Lady Catherine stared as though seeing it for the first time. “That does look like quite a tribulation.” She stretched out her arm turned it this way and that. “Are you certain that it is mine? The arm does not look like mine.”

“You are indeed too brave, your ladyship.” Mary patted her other hand.

The maid scurried in with fresh bandages and a pot of yellow basilicum. Mary took them and dismissed her with a wave. The girl was far too rattled to be of any use. She beckoned Mrs. Jenkinson nearer. Lady Catherine’s lady’s maid joined them as well.

“It is time to freshen your bandages, before you take your rest.” The wounds had not begun to fester, that was a good sign—very surprising, but good.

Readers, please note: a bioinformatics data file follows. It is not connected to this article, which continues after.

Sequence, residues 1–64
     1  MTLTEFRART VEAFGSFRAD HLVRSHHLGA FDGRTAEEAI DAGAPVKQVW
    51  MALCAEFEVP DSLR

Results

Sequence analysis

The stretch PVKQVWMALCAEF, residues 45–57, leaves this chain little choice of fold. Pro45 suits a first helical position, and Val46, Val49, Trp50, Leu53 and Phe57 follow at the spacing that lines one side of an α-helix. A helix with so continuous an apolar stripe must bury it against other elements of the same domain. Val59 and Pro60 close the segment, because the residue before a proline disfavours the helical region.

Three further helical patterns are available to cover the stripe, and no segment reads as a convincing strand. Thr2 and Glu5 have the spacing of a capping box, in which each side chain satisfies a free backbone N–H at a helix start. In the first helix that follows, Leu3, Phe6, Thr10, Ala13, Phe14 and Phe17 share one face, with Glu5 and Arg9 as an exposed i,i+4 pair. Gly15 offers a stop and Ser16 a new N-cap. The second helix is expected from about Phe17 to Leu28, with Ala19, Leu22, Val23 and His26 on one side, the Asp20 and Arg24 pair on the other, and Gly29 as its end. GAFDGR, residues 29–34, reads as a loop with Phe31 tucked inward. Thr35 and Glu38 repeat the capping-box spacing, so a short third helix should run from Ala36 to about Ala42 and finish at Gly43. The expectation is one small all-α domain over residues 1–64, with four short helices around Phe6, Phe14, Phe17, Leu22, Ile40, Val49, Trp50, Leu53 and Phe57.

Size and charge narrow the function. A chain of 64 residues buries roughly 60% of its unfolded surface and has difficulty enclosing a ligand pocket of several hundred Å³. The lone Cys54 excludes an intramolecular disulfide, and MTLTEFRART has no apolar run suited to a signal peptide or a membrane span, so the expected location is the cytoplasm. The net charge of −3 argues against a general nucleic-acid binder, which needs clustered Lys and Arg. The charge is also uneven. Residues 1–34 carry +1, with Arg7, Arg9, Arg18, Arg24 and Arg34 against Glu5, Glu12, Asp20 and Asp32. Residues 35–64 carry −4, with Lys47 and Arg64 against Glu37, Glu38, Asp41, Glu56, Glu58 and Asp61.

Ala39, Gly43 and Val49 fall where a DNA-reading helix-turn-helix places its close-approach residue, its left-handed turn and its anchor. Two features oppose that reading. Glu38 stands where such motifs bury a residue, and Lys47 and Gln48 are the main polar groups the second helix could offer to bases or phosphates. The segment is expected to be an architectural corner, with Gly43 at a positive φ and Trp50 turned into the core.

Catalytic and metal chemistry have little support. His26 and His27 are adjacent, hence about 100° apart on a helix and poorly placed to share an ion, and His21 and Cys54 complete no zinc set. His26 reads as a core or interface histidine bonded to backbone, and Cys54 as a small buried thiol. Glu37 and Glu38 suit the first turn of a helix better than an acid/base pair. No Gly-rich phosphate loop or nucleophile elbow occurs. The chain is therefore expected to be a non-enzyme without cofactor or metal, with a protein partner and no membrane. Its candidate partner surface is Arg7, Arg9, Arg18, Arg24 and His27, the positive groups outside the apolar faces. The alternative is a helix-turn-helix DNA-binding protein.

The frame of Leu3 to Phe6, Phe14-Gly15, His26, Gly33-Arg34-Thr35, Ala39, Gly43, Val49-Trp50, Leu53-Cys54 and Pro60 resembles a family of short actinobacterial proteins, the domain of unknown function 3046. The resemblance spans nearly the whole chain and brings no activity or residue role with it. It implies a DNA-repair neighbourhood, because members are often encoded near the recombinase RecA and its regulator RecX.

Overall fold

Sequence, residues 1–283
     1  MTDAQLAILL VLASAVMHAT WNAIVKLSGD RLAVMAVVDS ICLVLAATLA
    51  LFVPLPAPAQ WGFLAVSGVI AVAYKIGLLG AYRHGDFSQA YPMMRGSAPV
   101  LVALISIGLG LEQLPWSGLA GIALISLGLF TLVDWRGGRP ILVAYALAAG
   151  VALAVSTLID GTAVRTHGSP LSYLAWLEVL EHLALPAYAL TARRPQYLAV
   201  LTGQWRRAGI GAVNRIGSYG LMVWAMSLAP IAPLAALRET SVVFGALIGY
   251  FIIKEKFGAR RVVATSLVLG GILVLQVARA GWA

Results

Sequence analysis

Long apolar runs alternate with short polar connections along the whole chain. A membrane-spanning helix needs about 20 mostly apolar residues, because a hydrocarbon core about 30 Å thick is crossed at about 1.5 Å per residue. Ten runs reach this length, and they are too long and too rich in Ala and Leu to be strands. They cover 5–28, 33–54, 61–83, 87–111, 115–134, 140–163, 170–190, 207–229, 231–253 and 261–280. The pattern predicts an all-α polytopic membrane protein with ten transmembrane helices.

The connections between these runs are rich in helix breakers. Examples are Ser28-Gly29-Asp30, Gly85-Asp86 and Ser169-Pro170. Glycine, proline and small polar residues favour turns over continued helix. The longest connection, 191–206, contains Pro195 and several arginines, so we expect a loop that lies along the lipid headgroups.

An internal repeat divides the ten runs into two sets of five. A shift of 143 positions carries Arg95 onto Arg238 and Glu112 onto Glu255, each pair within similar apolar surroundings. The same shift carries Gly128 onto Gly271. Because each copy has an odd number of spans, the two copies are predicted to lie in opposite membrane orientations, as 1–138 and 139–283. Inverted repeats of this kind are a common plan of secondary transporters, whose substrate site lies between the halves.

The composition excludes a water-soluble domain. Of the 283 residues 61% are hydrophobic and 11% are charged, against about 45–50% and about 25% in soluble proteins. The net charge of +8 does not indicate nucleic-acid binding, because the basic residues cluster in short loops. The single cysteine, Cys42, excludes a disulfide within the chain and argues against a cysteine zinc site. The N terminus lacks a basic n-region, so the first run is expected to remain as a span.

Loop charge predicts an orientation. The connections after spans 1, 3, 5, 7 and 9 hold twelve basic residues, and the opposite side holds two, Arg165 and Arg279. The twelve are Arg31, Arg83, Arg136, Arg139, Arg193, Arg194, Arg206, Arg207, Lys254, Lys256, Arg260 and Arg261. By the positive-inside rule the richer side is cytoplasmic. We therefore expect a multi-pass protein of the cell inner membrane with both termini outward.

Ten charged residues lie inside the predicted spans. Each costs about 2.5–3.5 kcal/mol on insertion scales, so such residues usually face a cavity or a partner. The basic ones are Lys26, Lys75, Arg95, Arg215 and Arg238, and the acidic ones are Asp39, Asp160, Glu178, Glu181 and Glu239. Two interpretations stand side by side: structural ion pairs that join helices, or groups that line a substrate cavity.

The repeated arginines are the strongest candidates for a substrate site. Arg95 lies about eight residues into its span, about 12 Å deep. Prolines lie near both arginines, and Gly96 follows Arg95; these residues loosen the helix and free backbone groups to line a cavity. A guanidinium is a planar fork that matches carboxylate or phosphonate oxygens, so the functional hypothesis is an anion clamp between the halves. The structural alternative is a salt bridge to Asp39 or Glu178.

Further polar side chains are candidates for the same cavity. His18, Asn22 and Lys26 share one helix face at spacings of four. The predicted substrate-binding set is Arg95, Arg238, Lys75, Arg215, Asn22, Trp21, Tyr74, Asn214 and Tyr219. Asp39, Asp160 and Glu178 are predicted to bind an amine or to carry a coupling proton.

“It is not the time for rest. There are guests downstairs. I must attend them.” Lady Catherine started to rise.

Mary laid a gentle hand on her shoulder. “Colonel Fitzwilliam does not wish you to tax yourself with guests. He is managing them very well.”

“Him? He has no sense of etiquette or order. I will be humiliated! I will not have it. And you still have not told me, who did this to me? The magistrate and constable must be called! They cannot go unpunished.” Lady Catherine waved her injured arm.

Mary caught her wrist and pointed with her chin to the lady’s maid who scooped up the ointment and began to coat Lady Catherine’s burns.

“There was an accident, your ladyship. No one did this to you. Your gown, it caught fire.” That was the truth, even if it was missing in a few key details.

“My gown? Which gown? How? A fireplace? A candle?” Lady Catherine shrank back in her chair, her voice shrinking with her. “I have always been afraid of fire.”

Mary wrapped bandages, starting at the wrist. “That is a very sensible thing to fear. I think we all dread the possibility.”